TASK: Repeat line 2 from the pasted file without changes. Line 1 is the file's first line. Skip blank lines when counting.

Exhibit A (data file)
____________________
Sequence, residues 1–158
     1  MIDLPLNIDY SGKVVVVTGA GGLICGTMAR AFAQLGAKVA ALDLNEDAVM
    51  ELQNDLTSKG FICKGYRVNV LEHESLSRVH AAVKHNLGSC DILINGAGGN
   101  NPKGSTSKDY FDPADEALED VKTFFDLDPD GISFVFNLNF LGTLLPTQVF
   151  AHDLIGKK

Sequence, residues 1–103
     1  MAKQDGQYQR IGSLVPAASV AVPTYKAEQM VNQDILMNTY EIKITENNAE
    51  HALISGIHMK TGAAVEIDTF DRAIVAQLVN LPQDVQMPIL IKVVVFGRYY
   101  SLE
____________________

     1  MIDLPLNIDY SGKVVVVTGA GGLICGTMAR AFAQLGAKVA ALDLNEDAVM